2. When you’ve said that, you’ve said it all. (All the precincts are in.) Example: “Loretta, Do you think Mrs. Blank is loonier than a Jaybird?” Mom, “When you’ve said that, you’ve said it all.”
  3. That’s enough about me, how did you like my last movie? (She’s switching from one topic (about her), to another topic (about her). No example needed
  4. I’ll never forget old what’s his name. (She has forgotten someone’s name, and the story is at the end of it’s run anyway.) No example needed.
  5. I can’t throw the dishwater out the door without hitting he/she in the face. (She runs into Mrs. Blank everywhere she goes; or every time she turns around, there’s Mrs. Blank.) You know, those people that give you claustrophobia.
  6. Make the story interesting, or don’t tell it. (Learn how to tell the story in an interesting way, or forget it.)
  7. We shall see what we shall see. (It’s the same thing as a definite maybe, with a little  mystery added to build excitement.) Example: “Mom, are we going to Disneyland when we go to California?” Mom says, “We shall see what we shall see.” It can also mean..we all look at things differently.
  8. If you kids don’t settle down, I’m going to come in there and clean house! (If she has to tell us one more time, there will be consequences.)
  9. Water seeks it’s own level. (If you walk like a duck, and talk like a duck, you are a duck.)
  10. You spend money like a drunken sailor…you either put it on you, or in you. (She uses this with me. I guess it means, I either buy candy or clothes.)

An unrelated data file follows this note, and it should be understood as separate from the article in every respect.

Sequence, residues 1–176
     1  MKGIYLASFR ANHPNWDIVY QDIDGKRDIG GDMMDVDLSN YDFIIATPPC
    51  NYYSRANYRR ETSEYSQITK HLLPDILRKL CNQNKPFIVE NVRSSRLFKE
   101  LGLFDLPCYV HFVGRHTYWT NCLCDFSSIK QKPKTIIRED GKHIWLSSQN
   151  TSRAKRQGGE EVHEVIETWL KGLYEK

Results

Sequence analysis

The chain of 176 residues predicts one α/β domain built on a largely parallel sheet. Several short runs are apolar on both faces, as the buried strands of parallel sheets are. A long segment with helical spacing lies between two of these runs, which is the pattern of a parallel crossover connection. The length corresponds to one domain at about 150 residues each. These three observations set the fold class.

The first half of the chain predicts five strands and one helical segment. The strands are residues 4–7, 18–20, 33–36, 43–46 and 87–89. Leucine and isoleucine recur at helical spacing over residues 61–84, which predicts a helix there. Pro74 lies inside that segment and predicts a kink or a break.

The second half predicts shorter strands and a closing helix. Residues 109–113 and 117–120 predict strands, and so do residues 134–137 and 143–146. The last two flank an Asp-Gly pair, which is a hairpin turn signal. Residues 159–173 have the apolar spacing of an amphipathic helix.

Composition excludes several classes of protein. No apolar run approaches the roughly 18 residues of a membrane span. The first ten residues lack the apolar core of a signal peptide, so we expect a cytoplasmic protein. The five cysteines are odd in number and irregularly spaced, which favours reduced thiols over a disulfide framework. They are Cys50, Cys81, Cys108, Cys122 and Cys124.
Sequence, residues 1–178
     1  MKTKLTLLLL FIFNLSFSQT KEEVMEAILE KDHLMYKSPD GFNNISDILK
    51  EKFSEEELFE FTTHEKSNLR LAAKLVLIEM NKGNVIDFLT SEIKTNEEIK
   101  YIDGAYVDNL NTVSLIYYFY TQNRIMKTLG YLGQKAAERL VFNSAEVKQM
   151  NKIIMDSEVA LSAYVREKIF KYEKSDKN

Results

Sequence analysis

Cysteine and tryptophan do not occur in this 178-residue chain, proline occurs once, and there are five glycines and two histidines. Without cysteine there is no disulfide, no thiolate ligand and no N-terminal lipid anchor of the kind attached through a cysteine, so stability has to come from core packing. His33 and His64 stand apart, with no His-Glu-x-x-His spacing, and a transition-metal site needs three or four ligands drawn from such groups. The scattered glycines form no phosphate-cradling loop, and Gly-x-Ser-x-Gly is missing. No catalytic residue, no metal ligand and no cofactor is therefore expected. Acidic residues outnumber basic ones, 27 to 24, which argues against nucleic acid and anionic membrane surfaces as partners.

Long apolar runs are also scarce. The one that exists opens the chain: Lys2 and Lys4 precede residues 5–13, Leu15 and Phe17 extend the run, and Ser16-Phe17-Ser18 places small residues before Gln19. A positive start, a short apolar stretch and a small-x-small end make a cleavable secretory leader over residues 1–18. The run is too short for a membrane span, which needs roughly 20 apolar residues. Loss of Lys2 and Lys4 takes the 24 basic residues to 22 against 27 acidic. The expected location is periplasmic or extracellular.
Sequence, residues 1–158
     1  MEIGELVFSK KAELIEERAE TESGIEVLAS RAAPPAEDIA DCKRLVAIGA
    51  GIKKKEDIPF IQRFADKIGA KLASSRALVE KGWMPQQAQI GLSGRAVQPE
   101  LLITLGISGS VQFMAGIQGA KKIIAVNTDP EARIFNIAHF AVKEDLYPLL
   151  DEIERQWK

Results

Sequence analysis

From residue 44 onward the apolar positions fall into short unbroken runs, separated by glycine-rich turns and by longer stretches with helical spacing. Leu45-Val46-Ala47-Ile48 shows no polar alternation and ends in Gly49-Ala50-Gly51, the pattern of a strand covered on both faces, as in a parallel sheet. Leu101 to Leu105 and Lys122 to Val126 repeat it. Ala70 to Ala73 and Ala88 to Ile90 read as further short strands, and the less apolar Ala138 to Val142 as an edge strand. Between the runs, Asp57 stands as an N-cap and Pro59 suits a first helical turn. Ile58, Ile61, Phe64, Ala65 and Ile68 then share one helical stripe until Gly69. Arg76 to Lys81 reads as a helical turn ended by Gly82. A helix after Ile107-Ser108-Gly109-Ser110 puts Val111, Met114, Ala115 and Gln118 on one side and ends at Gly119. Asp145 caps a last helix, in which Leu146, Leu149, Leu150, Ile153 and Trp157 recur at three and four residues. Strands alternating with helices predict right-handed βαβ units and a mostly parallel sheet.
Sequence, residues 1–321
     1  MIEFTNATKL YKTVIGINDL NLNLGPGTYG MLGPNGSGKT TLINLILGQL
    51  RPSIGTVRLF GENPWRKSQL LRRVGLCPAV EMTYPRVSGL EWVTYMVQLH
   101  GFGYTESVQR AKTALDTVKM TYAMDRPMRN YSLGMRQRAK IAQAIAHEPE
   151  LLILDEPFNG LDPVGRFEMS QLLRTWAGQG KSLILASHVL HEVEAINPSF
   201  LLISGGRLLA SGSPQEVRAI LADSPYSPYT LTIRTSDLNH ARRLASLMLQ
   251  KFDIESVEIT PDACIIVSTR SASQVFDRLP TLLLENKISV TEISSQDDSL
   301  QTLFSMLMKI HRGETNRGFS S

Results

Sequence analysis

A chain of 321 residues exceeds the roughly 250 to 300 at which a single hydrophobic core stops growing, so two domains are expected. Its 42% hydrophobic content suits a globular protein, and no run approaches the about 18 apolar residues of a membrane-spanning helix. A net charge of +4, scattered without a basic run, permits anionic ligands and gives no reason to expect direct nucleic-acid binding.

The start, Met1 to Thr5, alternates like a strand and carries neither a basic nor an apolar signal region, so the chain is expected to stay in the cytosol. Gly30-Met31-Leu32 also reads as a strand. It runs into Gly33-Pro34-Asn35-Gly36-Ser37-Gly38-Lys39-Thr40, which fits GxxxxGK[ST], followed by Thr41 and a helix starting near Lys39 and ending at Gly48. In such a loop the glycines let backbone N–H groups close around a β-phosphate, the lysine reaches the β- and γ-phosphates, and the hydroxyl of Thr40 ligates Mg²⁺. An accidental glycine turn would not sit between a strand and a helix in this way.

Mom uses herself as an example sometimes. She said when she was growing up, Grandpa would give everyone a nickel to spend when they got to go into town. Mom would buy candy and it would be gone in a minute. Her sister Ella, would buy gum, then take it home and sew across it with the sewing machine needle. It perforated the gum, so she could break it off in smaller pieces. That way she could add a piece each day, and it would last longer. (This might be an example of #6.)

11. Her eyes look like two burnt holes in a blanket. (She’s tired.)

12. Hellohowarya (a made-up word.) The man at the Graham Motor Lodge says these 4 words allruntogether, to make one word. He says it every time he sees you, and you have to slap your leg when you say it. Mom loves it!

I found out today, Mom doesn’t always know what to say. We were at the Super Value Store, and a little boy ran up to her and said, “Hi! I’m MEAN!” Mom just smiled and said, “That’s nice.” He didn’t call her a name or anything , so I guess what she said was okay.

LB: Blake Haverberg, Jeff H. Sanderson, Mark Sanderson, Mary Francis, Sue Haverberg, Bobby Haverberg F: Grandpa Sanderson, Mom, a picnic at Horse Creek, where The family lived until Mom was 11


Mom gives me lots of advice too. She says when you reach a certain age, you have to decide if you’re too plump or too thin. You have to decide between your face and your figure. She says she chose her face and sits down a lot. (If your face is too thin, all the wrinkles show.)

MOM..I’m facing the sun here, or Aunt Irma’s got her movie camera with the bright lights on!